Calling people you know is an effective way to generate goodwill, leads and revenues.

Do You Know Me?

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“You should.  It’s me. I’m sorry, what did you say?  How do I know your name?  HOW do I know your name?  Are you serious?  Really!

Well, I’ve spent a lot of money with you in the past . . . actually had a great experience, too . . . by the way, is that young man, Mark (oh I can’t remember his name) . . . still working with you?  Oh that’s great.  Good kid.  That’s nice to know.”

Why Don’t You Know Me?
Are you so busy building transactions you fail to remember to build relationships . . . bridges . . . between you and your clients?  I’ve got a lot more revenues IF . . . you stay-in-touch!

Don’t Assume
Like a marriage, a client-advisor relationship needs to be nurtured.  Watered.  Cultivated.  And yes, even weeded from time to time.  Do you have a Client Cultivation Plan or System in place to do things to build your relationships AND your business revenues?

KEY POINT:
Don’t let relationships die from apathy. Cultivate the potential in every prospect, client and center-of-influence that you can.  You’ll BOTH be much better for it!

Farming and Hunting

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Many, many years ago, humans were nomadic hunters who either ‘got lucky’ or, they ‘went hungry’.

Civilization took a huge step forward when we learned how to cultivate the land.  Hunting was exciting.  It was also risky.
Some starved to death.

Farming was less exciting.  But farmers ate well and fairly regularly.

Today, learning to cultivate relationships with your prospects, clients and Centers-of-Influence is a major key to generating a steady and recurring form of revenue opportunities for your business or practice.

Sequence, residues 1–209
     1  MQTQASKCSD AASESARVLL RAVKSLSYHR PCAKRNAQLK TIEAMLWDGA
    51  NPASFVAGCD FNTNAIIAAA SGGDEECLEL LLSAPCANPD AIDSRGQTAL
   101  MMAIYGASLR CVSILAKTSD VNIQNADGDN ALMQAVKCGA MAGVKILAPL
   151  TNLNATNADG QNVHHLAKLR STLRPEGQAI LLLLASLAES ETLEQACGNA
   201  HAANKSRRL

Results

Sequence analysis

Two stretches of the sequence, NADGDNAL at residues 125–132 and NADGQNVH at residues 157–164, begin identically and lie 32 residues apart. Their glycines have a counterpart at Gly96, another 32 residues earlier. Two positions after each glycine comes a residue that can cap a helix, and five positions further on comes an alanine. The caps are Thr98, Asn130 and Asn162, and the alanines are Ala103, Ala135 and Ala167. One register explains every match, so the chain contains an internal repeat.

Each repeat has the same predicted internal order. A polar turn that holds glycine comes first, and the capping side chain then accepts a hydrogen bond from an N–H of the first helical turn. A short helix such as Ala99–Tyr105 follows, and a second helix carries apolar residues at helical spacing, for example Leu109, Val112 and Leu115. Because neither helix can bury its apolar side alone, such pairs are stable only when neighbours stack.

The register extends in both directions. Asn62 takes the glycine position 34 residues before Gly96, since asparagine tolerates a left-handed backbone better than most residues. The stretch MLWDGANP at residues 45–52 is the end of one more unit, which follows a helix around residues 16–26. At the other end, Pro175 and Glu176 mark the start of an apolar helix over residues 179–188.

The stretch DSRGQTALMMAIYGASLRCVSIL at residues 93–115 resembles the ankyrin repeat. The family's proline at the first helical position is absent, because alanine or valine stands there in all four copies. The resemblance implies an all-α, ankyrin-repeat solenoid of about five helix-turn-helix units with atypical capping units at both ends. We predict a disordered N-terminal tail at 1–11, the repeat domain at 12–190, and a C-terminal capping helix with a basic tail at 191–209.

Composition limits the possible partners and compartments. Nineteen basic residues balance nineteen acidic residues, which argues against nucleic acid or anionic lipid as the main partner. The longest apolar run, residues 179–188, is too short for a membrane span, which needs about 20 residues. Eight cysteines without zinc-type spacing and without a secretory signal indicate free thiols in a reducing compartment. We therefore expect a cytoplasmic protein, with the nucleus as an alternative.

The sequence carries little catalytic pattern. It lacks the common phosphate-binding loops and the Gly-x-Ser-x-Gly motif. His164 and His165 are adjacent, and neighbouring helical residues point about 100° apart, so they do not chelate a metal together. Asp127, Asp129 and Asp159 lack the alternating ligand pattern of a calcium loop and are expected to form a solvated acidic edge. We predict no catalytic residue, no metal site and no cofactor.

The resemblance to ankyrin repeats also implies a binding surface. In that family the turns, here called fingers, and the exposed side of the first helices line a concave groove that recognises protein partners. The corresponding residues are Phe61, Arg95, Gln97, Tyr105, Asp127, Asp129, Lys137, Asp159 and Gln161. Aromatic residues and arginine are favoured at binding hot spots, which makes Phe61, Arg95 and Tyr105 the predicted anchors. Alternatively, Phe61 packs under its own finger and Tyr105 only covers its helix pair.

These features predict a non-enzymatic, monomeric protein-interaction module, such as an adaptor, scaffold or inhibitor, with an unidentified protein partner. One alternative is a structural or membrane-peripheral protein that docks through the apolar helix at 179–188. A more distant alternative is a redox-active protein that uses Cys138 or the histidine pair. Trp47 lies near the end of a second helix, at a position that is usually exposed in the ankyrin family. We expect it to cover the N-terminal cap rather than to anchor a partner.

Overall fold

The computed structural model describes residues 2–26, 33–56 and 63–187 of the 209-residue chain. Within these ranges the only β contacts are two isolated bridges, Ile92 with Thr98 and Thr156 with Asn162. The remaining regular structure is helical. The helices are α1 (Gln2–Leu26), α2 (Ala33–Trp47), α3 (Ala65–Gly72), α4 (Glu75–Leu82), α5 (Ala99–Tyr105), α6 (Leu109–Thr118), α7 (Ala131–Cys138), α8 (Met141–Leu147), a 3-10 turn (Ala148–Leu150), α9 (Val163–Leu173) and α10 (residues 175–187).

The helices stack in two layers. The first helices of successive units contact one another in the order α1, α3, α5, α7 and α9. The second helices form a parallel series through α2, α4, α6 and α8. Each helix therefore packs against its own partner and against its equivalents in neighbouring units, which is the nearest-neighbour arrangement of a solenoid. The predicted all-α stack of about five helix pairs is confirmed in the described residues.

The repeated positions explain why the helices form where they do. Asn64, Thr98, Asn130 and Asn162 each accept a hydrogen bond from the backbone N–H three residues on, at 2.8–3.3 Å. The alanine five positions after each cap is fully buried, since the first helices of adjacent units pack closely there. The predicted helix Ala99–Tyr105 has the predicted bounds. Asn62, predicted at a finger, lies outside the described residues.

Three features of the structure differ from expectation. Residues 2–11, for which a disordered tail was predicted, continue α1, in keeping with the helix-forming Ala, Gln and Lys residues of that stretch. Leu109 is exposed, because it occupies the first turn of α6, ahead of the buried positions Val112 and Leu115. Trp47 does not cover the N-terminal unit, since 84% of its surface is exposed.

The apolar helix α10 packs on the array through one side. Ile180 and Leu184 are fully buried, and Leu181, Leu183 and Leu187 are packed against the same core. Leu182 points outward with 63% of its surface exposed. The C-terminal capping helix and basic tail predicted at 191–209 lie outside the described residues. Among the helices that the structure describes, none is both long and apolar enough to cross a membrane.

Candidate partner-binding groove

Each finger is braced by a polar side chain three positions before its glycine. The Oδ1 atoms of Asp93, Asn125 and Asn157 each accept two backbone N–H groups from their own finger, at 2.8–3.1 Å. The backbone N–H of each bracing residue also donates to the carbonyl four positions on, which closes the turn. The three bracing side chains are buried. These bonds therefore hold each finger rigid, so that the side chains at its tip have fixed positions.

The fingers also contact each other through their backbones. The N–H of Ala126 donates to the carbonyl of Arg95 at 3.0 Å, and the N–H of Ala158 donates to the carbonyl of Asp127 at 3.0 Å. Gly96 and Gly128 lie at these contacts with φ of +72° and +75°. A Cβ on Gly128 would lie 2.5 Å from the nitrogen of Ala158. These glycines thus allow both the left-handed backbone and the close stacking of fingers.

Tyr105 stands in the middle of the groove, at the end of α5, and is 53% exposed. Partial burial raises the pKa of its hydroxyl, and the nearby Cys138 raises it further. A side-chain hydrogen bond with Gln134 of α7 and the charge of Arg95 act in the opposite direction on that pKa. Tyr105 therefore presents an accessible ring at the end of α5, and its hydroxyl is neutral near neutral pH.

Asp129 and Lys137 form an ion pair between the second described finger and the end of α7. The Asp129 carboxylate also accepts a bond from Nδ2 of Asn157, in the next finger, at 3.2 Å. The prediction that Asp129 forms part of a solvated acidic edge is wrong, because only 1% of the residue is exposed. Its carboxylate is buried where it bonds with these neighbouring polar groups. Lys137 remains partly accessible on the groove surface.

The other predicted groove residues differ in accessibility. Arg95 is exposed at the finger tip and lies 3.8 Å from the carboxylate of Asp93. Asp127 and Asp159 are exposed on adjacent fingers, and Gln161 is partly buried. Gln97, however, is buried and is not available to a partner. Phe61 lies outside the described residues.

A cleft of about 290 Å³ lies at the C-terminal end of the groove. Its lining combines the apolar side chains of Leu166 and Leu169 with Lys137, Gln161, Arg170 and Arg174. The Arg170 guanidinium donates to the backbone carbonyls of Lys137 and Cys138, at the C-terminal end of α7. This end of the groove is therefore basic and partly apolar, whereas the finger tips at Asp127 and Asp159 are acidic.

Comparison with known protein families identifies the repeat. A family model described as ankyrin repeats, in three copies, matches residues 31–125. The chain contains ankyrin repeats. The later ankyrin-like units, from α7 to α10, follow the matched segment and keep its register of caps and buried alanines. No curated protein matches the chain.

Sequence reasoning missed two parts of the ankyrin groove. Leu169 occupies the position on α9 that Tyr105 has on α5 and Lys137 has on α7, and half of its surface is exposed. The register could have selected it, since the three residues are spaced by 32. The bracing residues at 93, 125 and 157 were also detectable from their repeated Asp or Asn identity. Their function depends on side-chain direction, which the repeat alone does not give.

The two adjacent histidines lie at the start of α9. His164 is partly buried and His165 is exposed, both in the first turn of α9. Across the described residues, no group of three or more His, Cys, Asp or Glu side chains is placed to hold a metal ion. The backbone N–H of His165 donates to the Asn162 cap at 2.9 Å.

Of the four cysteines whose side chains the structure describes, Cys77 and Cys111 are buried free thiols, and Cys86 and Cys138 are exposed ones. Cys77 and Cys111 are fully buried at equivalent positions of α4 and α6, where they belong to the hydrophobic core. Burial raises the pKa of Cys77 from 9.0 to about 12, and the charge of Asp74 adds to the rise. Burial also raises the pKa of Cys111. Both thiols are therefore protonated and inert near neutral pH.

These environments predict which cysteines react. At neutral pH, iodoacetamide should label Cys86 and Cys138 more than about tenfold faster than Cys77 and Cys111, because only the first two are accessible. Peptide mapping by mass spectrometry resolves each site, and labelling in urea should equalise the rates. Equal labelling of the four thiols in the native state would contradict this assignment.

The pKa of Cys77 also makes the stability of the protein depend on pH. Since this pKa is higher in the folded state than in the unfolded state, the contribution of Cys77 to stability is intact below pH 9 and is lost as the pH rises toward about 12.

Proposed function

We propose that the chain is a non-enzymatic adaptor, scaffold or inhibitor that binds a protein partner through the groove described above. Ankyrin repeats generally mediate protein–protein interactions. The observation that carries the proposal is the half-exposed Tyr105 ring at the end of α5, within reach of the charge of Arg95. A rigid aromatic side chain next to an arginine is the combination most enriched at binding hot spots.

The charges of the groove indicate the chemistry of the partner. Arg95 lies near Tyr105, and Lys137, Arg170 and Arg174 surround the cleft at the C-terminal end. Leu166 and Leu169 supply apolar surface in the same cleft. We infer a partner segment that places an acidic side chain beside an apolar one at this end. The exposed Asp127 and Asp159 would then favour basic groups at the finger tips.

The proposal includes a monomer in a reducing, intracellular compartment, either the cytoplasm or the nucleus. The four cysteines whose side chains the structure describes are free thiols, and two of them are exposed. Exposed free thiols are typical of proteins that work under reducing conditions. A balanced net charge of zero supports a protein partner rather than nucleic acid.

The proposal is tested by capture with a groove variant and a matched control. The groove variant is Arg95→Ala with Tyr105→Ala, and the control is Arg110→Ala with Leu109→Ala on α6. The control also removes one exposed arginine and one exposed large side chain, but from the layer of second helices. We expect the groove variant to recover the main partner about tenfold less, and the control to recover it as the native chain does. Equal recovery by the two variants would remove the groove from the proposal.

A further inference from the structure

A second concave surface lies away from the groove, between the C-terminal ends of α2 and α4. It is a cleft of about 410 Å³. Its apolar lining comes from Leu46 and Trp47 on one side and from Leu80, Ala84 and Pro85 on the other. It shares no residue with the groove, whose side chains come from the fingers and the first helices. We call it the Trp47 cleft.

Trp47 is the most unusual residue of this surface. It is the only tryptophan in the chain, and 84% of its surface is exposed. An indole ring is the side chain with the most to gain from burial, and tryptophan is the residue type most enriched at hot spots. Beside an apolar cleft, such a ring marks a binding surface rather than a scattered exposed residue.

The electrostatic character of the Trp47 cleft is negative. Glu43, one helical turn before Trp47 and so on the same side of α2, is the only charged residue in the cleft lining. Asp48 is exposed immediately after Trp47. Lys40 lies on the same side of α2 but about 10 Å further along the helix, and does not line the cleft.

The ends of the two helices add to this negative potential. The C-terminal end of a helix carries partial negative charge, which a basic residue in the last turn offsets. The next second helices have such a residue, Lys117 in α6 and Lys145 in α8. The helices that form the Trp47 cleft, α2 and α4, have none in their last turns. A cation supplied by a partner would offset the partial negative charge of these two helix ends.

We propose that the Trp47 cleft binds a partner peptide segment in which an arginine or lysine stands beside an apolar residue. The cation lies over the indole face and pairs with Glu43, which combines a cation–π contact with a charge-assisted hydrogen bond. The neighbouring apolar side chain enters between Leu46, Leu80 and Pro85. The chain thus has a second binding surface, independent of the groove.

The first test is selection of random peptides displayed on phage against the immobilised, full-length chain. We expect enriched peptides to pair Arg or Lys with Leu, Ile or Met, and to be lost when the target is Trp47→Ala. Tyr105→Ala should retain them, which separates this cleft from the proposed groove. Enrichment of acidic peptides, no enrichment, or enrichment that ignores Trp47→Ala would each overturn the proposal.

KEY POINTS:
1.  DECIDE how many times someone is likely to need your kind of services over time
2.  DETERMINE what percentage of those purchases you’re likely to provide
3.  ASK yourself, “Do I feel good about that?”  If not, then . . .
4.  COMMIT to getting a bigger piece of that ‘pie’ than you’re getting now!

Touching Base

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Following up after an initial contact is important.  Unfortunately, however you follow-up,  if you do it too often you may turn someone off.

If you do it too infrequently, you may be forgotten by someone with whom you’re seeking to build awareness and a preference for the brand called ‘YOU’.  Tough call, eh.

Dripping By Design . . . is the solution you may be seeking.  As the name implies, ‘dripping’ information on someone is designed to help you do the following:

1.  build / maintain awareness of you and your business,
2.  educate someone about the need for your services,
3.  position yourself competitively

I suggest having two kinds of ‘drip’ campaigns.  The first one is to acknowledge a new connection.  A simple follow-up note or email with a link to some content that is relevant to the person receiving it.  The second one is a periodic communication from you — perhaps a newsletter — that will serve to maintain awareness and build a preference for you and your brand of services.

KEY POINT:
An initial follow-up and an ongoing stay-in-touch communication campaign builds awareness and preference for your brand.

Following Up

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Some studies suggest it may cost a firm 5  times more to acquire a new customer vs. re-selling / up-selling or cross-selling an existing customer or client.  If so, why do so many firms tend to chase after new leads rather than fully developing the existing relationships they already have?

I believe there are two (2) good explanations for this:

PERSPECTIVE . . . if you don’t recognize the value of cultivating a long-term relationship, you may not even think to cultivate an initial contact into a productive relationship — especially if your new contact isn’t ready to do business.

TIMING . . . most prospects probably don’t need or want what you do, at first.  They’re cooler, not hotter prospects.  In  time they may become ‘hot’, but most are not likely to seriously entertain doing business with you . . . today.

KEY POINT:
Following-up with prospects builds a preference for your brand, reflects a strategic perspective and overcomes the trap of  “Now or never” thinking.